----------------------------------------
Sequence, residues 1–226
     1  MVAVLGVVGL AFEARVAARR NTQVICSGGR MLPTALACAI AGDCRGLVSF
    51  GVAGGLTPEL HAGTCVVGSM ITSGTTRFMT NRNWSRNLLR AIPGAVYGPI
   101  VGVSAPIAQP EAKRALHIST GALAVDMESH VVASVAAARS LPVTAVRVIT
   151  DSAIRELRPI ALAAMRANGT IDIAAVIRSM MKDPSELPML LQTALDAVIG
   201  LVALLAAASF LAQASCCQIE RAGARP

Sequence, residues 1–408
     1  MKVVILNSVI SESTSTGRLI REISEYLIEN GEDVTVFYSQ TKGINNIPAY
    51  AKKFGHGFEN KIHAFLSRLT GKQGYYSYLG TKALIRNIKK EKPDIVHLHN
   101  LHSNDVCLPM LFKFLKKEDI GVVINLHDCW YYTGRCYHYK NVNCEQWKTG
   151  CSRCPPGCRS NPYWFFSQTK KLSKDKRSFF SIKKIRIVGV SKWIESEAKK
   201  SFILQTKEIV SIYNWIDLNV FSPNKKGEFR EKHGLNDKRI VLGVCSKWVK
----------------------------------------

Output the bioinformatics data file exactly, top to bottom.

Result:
Sequence, residues 1–226
     1  MVAVLGVVGL AFEARVAARR NTQVICSGGR MLPTALACAI AGDCRGLVSF
    51  GVAGGLTPEL HAGTCVVGSM ITSGTTRFMT NRNWSRNLLR AIPGAVYGPI
   101  VGVSAPIAQP EAKRALHIST GALAVDMESH VVASVAAARS LPVTAVRVIT
   151  DSAIRELRPI ALAAMRANGT IDIAAVIRSM MKDPSELPML LQTALDAVIG
   201  LVALLAAASF LAQASCCQIE RAGARP

Sequence, residues 1–408
     1  MKVVILNSVI SESTSTGRLI REISEYLIEN GEDVTVFYSQ TKGINNIPAY
    51  AKKFGHGFEN KIHAFLSRLT GKQGYYSYLG TKALIRNIKK EKPDIVHLHN
   101  LHSNDVCLPM LFKFLKKEDI GVVINLHDCW YYTGRCYHYK NVNCEQWKTG
   151  CSRCPPGCRS NPYWFFSQTK KLSKDKRSFF SIKKIRIVGV SKWIESEAKK
   201  SFILQTKEIV SIYNWIDLNV FSPNKKGEFR EKHGLNDKRI VLGVCSKWVK